The hydrogen conversion takes up some space – the Dash-8’s cabin shrinks from 56 seats to 40 – but these planes will offer a ground-breaking emissions-free travel service up to range figures around 460 miles (740 km). That covers about 75 percent of current routes flown by Dash-8s, says Universal, and they could extend that to 95 percent when they get liquid hydrogen figured out.
The company has signed letters of intent with Spain’s Air Nostrum for 11 aircraft, Ravn Alaskafor 5 aircraft, and Icelandair Group for an unspecified “fleet” of planes. All these deals would also establish Universal as the hydrogen pod service provider.
New “Forest School” Cleans Air And Has Cycling Track On Roof
In India, the city of Pune, three hours by road from Mumbai, is densely populated and has seen substantial urban growth in the last decade. This has led to worsening air quality as the level of pollutants now regularly exceeds World Health Organization (WHO) guidelines.
Now, a new architecture firm called Nudes is seeking to do something about it. The firm won a competition to build an eco-friendly school in the city and its winning entry is nothing short of impressive.
Nudes submitted a design that is a vertical garden that cleans and purifies the air around it. At the top of the “forest school” is an infinity cycling track so that students may exercise.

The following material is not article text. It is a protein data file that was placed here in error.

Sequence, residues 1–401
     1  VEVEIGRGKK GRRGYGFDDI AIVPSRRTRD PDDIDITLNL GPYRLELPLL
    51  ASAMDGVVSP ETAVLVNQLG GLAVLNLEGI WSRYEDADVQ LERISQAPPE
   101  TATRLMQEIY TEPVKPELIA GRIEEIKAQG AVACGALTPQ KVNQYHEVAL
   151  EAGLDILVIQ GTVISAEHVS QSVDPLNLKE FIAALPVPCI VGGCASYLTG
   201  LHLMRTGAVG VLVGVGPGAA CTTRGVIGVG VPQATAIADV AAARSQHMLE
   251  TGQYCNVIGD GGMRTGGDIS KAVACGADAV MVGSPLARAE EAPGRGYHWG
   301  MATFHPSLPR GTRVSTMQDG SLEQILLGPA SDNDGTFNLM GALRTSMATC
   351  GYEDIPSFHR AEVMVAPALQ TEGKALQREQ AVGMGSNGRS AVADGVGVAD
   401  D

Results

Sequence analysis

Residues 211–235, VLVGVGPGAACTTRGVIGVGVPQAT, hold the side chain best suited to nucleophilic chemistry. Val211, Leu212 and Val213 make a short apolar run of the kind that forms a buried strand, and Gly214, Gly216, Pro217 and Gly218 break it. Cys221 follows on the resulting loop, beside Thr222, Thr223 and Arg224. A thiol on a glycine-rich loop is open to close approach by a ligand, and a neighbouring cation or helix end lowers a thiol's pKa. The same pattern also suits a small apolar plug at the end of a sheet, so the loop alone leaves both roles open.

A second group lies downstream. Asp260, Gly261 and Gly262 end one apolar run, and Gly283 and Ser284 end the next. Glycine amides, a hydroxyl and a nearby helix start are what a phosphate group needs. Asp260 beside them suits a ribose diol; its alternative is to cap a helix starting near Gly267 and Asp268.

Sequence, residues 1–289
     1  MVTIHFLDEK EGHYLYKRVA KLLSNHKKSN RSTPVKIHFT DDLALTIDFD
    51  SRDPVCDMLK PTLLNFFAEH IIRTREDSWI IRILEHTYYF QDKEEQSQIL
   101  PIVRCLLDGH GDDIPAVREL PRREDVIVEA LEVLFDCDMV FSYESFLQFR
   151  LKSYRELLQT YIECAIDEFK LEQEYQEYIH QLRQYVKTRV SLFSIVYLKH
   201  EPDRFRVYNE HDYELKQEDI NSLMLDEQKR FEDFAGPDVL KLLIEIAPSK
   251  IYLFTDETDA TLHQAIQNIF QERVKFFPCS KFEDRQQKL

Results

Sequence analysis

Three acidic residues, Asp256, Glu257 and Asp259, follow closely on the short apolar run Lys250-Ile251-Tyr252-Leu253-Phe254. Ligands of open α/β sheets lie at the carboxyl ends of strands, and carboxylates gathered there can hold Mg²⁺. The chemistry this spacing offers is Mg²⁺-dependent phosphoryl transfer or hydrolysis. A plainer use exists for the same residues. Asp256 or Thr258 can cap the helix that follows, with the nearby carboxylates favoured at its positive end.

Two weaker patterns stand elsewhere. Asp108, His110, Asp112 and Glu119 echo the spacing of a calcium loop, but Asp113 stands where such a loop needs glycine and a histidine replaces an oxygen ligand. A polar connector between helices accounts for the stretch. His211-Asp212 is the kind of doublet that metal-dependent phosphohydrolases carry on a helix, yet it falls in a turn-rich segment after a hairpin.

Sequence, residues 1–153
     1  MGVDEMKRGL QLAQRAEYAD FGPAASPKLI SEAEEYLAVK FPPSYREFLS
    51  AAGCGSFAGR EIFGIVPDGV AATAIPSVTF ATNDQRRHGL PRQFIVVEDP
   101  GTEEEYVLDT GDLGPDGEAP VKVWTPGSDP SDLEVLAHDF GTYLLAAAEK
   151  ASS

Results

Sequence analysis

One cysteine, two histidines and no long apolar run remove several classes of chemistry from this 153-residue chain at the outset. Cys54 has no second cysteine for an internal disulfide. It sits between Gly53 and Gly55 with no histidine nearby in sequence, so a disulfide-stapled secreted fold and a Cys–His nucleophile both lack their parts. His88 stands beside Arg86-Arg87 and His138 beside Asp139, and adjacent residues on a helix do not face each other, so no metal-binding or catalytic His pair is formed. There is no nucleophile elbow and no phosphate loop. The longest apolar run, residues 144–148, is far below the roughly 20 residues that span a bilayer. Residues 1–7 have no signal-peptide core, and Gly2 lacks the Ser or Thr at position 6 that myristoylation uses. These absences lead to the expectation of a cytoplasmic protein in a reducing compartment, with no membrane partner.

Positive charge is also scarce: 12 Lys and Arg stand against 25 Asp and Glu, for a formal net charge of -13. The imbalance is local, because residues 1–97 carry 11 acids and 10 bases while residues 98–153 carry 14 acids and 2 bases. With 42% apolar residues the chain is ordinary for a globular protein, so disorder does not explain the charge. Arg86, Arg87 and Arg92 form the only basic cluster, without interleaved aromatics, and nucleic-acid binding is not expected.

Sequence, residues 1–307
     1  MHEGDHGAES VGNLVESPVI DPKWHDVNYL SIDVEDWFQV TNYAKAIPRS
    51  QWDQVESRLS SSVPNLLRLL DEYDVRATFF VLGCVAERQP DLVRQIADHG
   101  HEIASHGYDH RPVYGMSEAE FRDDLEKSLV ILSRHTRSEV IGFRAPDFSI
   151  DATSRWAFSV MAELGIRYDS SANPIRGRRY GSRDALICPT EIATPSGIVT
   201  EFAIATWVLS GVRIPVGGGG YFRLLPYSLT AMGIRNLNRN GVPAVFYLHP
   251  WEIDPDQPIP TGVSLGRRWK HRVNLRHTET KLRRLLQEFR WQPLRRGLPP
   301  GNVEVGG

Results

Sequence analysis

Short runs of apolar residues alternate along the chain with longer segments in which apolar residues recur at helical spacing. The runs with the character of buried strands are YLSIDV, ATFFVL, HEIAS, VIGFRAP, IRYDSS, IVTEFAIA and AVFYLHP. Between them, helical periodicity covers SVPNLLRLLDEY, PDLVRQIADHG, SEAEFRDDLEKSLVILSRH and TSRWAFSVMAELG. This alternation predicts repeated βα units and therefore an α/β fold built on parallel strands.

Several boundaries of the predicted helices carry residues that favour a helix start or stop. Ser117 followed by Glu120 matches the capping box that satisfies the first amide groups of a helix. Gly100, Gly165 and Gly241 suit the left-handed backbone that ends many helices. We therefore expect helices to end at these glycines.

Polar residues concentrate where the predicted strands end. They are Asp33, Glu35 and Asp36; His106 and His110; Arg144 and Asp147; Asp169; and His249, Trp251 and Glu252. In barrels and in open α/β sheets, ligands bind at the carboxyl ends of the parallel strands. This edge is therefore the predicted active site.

The “Forest” is the winning entry for an invited competition design for a school project sited in Pune, India. The design explores the relationship between nature and pedagogy in dense urban settlements built on the foundations of “Grow”, “Learn”, “Reuse”, “Plant” and “Play”,” states Nudes on their website.
The project harbours two “green” cylindrical volumes stitched by a rooftop “infinity” loop track. Each cylindrical volume represents the stage of phased construction with planned programmatic activities. The project explores the dynamics and logistics of a vibrant space for student centric interaction and learning. The “Green” skin can be serviced and maintained by a peripheral service track that is accessible from both landing and mid-landing levels on every floor by horticulturists.”